// Loop over training data
            for(int i=0; i < trainingData.length; i++){
                System.out.println("Starting weights: " + Arrays.toString(weights));
                // Calculate weighted input
                double weightedSum = 0;
                for(int ii=0; ii < trainingData[i][0].length; ii++) {
                    weightedSum += trainingData[i][0][ii] * weights[ii];
                }

                // Calculate output
                int output = 0;
                if(threshold <= weightedSum){
                    output = 1;
                }

                System.out.println("Target output: " + trainingData[i][1][0] + ", "
                        + "Actual Output: " + output);
                                
                // Calculate error
                int error = trainingData[i][1][0] - output;
                
                // Increase error count for incorrect output
                if(error != 0){
                    errorCount++;
                }
                
                // Update weights
                for(int ii=0; ii < trainingData[i][0].length; ii++) {
                    weights[ii] += learningRate * error * trainingData[i][0][ii];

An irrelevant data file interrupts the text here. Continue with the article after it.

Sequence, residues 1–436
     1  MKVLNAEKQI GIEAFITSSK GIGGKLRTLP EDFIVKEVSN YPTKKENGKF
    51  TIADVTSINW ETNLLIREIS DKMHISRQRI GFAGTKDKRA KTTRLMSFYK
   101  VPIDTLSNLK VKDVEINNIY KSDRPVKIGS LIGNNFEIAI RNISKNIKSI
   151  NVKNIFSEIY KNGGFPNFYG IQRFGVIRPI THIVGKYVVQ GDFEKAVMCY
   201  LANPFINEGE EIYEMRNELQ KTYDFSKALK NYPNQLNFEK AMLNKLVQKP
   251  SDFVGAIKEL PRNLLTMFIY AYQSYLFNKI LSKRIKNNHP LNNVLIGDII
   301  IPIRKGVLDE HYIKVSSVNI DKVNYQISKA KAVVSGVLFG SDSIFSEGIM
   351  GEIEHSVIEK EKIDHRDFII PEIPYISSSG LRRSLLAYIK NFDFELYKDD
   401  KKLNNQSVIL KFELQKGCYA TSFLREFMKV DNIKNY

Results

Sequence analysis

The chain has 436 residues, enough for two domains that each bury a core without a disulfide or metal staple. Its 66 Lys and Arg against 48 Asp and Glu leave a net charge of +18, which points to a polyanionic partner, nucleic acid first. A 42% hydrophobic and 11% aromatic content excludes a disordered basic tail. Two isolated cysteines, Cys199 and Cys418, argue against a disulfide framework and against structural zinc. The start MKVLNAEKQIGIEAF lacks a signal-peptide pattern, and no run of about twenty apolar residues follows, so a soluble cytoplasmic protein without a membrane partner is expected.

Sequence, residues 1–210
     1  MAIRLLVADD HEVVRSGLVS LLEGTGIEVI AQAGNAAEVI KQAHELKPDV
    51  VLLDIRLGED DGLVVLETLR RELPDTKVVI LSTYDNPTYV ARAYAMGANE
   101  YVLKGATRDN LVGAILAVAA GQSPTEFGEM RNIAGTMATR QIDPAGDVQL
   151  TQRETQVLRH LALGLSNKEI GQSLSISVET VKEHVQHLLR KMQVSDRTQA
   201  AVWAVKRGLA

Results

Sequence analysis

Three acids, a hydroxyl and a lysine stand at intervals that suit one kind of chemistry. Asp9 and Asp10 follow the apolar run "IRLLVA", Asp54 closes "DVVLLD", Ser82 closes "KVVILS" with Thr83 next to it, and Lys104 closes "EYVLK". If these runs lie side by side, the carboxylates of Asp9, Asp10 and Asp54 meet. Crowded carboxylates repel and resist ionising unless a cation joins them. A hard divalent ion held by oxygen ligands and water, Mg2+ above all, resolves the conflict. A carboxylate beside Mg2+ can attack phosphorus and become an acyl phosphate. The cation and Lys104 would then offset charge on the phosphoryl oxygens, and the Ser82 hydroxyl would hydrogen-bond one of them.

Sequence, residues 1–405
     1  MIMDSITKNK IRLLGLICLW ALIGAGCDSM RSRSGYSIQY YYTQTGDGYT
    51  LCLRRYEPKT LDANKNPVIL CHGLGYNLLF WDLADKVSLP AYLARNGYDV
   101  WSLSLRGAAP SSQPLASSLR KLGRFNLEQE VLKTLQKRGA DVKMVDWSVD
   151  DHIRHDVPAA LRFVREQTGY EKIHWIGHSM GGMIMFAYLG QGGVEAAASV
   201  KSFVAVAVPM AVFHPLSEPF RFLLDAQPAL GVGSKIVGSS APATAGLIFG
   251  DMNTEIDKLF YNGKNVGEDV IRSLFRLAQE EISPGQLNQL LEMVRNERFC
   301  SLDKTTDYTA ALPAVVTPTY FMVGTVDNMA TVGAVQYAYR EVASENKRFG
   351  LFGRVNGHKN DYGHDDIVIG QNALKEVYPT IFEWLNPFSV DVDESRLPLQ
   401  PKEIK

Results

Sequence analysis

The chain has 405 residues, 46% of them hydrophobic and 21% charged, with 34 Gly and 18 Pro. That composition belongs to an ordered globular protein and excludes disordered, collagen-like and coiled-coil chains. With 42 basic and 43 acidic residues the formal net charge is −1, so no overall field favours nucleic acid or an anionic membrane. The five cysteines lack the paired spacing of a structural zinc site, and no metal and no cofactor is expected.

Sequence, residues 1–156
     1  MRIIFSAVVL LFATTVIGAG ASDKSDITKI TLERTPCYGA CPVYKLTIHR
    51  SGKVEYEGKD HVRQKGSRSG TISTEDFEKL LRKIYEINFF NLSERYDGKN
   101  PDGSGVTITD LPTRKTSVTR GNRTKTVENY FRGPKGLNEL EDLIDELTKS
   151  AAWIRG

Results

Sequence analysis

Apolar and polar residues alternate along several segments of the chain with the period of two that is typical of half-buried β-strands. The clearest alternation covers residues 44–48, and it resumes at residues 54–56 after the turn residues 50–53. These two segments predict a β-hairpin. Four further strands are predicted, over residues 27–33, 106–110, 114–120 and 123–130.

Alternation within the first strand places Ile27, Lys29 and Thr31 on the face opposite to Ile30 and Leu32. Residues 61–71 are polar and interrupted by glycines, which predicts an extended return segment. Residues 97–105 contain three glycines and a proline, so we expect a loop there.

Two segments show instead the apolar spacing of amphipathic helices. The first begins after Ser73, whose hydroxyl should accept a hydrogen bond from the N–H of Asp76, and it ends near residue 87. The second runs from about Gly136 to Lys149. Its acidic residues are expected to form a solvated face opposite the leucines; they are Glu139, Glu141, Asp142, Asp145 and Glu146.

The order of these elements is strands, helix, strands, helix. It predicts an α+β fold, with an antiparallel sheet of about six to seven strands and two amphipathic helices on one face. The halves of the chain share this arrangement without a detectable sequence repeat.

}

                System.out.println("New weights: " + Arrays.toString(weights));
                System.out.println();
            }

            // If there are no errors, stop
            if(errorCount == 0){
                System.out.println("Final weights: " + Arrays.toString(weights));
                System.exit(0);
            }
        }
    }
}
Perceptron learning rule source

Bias units

In our last example we set our threshold to 1, this means our weighted input needs to equal or exceed 1 to give us an output of 1. This is okay when learning the AND function because we know we only need an output when both inputs will be set, allowing (with the correct weights) for the threshold to be reached or exceeded. In the case of the NOR function however, the network should only output 1 if both inputs are off. This means if we have a threshold of 1 there isn't a combination of weights that will ever make the following true,